Central line associated blood stream infection (CLABSI) in the adult medical cardiac intensive care unit (ICU) (IDPH)
Why is this measure important?
Vascular catheters (also called central lines) are thin, flexible plastic tubes that are inserted into patients’ veins for the purpose of taking blood or giving IV fluids and medications. Infections from vascular catheters can occur in the skin (at the site where the catheter was inserted) or in the bloodstream.
If central lines are not correctly inserted or kept clean, they can allow germs to enter the body and cause serious blood infections. These central line-associated blood infections (CLABSIs) can cause serious problems and even death.
Hospital staff members can prevent most CLABSIs by following the infection control guidelines recommended by the Centers for Disease Control and Prevention (CDC). These include guidelines for inserting the central line, for keeping the insertion site clean, and for removing the central line as soon as it is not needed. Hospitals following these safety guidelines will likely have low numbers of vascular catheter-related bloodstream infections.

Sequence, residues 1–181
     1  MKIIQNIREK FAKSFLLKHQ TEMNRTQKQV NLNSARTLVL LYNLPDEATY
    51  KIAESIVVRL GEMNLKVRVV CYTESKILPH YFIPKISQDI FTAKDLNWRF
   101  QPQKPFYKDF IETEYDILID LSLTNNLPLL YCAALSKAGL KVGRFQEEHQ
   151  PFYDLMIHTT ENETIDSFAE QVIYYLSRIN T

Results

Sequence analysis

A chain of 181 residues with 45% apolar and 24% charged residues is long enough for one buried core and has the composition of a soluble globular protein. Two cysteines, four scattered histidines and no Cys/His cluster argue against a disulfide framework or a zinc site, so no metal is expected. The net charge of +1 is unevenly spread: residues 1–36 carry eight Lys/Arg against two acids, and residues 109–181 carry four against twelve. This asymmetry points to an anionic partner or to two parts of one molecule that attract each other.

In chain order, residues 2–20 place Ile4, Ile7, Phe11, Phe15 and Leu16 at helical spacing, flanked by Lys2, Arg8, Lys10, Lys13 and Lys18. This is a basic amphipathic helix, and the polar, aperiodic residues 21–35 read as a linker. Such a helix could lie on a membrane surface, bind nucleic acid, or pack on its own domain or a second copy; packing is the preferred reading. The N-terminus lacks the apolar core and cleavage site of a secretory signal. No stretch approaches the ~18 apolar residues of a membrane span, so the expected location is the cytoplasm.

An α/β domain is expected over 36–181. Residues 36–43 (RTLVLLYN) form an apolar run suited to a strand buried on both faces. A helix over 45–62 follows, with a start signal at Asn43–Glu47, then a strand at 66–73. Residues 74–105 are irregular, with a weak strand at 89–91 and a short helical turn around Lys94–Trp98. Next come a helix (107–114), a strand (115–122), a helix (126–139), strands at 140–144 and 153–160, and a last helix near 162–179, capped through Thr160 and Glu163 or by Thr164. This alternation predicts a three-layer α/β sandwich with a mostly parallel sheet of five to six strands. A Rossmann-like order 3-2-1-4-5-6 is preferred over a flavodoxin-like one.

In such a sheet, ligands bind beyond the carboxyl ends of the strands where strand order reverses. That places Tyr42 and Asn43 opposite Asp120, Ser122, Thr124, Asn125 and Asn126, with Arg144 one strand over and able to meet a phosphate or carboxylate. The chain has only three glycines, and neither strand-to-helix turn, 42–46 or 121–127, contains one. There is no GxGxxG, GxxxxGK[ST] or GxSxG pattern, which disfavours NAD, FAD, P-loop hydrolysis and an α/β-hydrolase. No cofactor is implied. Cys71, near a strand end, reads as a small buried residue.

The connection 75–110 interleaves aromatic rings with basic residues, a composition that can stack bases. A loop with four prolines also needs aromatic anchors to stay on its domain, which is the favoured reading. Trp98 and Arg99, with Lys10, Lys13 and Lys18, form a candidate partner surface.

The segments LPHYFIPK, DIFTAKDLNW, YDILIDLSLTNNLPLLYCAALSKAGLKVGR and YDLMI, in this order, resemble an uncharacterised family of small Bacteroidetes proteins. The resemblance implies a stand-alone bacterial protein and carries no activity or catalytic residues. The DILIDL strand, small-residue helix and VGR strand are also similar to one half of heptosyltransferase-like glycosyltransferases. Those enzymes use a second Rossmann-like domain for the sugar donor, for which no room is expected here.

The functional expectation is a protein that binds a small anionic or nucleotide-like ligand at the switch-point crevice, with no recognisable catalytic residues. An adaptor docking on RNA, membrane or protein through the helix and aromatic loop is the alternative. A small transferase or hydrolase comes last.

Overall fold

What does this measure show?
The central line-associated bloodstream infection (CLABSI) score in the adult medical cardiac ICU is shown as a Standardized Infection Ratio (SIR). This ratio is found by comparing the number of central line infections in the adult medical cardiac ICU at Northwestern Memorial to a national benchmark.
Northwestern Memorial’s performance in this measure is placed into one of three categories based on the results of a statistical analysis that compares our performance to the performance ratio of other hospitals. These categories are:
· Statistically significantly better than the national average, or performing at the best possible rate
· Not statistically significantly better or worse than the national average
· Statistically significantly worse than the national average
Based on the statistical analysis, our most recent ratio is within a range of ratios that is considered to be “Not statistically significantly better than the national average."
For this measure, a lower number is better.